It is interesting – if not surprising – that in the wake of General McChrystal’s public declaration that more troops and supplies were needed in Afghanistan to ensure the success of our mission, the talking heads and empty suits who occupy the president’s inner circle of advisers have sharply admonished General McChrystal for doing so.
Bad enough it makes the president look bad – we can’t have that – but worse, it puts public pressure on his administration to take action – and by action I don’t mean giving speeches or campaigning in Copenhagen.
With the left wing base of the Democrat party rabidly opposed to sending more troops while fiercely lobbying for a laundry list of government expansion in the man-Child’s domestic agenda, the war in Afghanistan – the one he said was the right war to be fighting – has become quite a political liability – one that he doubtlessly wishes would simply go away.
Alas, and much to Obama’s chagrin, it will not, and he has seen fit to place Afghanistan on the back burner under a very low flame, in favor of what he considers to be far more pressing domestic issues. This can be readily seen in the fact that Obama has had a total of two meetings with McChrystal since the latter was given command of the war effort.
This has left Gen. McChrystal with one option to not only have his strategy heard, but possibly acted on in the near future: appeal to the American people through the media.
For that he has been taken out to the woodshed.
A day after one of the president’s top national security aides gently criticized Gen. Stanley McChrystal’s decision to air his …views on the Afghanistan war in a public forum in London, Defense Secretary Robert Gates told a military audience that officers should provide their recommendations to the president in private.
Declaring that military leaders should counsel the president “candidly but privately,” Gates told a conference of the Association of the U.S. Army that President Obama faced a pivotal choice on how best to resource the war in Afghanistan.
“I believe the decisions the president will make for the next stage of the Afghanistan campaign will be among the most important to his presidency. So it’s important that we take our time to do all we can to get this right,” he said.
By emphasizing the need for confidentiality in advising the president, Gates echoed remarks made by National Security Adviser Jim Jones, a retired Marine general, on CNN Sunday.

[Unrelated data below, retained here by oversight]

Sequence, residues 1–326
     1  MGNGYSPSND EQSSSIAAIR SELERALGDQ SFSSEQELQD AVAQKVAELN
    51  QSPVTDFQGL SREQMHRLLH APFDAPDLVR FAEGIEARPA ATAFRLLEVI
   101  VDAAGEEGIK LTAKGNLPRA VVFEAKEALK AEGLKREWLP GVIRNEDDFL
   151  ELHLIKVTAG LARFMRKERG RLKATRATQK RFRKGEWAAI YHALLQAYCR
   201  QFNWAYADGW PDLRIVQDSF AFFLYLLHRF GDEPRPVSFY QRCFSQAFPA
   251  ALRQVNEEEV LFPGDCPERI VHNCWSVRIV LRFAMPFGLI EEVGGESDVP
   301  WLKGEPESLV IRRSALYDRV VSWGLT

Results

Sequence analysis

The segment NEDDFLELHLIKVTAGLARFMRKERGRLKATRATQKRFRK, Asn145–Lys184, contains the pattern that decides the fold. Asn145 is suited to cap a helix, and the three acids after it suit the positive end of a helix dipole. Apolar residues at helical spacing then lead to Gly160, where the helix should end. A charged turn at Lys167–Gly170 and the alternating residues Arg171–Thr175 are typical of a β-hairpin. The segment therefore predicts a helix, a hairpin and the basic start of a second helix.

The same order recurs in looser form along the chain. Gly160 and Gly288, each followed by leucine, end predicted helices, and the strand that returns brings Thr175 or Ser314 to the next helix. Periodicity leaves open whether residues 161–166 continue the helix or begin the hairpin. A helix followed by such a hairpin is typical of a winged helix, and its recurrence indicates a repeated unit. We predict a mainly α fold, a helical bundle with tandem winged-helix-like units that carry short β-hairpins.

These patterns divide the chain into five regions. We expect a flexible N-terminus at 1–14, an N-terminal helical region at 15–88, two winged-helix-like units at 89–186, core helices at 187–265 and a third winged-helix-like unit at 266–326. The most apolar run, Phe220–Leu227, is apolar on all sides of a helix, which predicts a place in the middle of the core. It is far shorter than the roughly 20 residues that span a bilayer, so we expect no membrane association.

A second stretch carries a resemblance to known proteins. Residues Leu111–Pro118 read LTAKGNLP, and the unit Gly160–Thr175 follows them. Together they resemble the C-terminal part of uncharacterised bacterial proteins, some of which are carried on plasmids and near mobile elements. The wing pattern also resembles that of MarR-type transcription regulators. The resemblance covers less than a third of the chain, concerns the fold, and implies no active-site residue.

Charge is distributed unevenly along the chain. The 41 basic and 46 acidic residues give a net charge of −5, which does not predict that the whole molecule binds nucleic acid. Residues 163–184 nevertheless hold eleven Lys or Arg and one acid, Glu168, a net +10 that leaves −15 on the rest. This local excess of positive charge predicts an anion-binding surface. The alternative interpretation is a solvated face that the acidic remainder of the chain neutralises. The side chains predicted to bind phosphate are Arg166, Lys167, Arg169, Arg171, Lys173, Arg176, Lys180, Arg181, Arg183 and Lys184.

Asked yesterday if Gen. McChrystal’s comments in London last week in support of sending more troops to Afghanistan were problematic, Jones suggested the general might have been better off expressing his views more discreetly.
“Ideally, it’s best for military advice to come up through the chain of comment,” Jones said on CNN’s “State of the Union.”
It is disheartening to see both the Secretary of Defense and a former Commandant of my beloved Marine Corps play politics to satiate The One and his base, instead of seeing what is clearly a last ditch effort to gain the attention of our Commander-in-Chief, before more our troops are sent home in flag draped coffins. After all, for the General to advise the president candidly and privately, it does actually require the president to meet with him.
Under normal circumstances, I would agree with Sec. Gates and former General Jones. But these aren’t normal circumstances.
The president has shown apathy with regards to meeting with the man that he put in charge of our forces in theater. While Bush met with the top commanders daily it appears that these days Obama simply has no time for them. Had Obama met on a regular basis with Gen. McChrystal then Gates and Jones would have a legitimate argument but that is simply not the case.
McChrystal had only one practical choice and that was to talk to the media to get the president’s attention and hold him accountable to the American people for what may go awry in Afghanistan. Rest assured that had McChrystal kept his counsel and said nothing publicly, the president would have declined to send reinforcements to Afghanistan and then readily tossed McChrystal under the bus, claiming the General failed to do his job.
Now, with all of it in the open air, the president will be forced to take some sort of action – sooner rather than later – and be accountable for those actions. This is precisely why Obama is upset. He’s on the spot.
It saddens me that the de facto head of the Depart of Defense – responsible for all our armed forces – and a former Commandant of my beloved Corps would choose to play politics instead of either remaining silent or supporting the man who is actually trying to win our wars and keep his troops safe.
…That’s change that I still don’t believe in.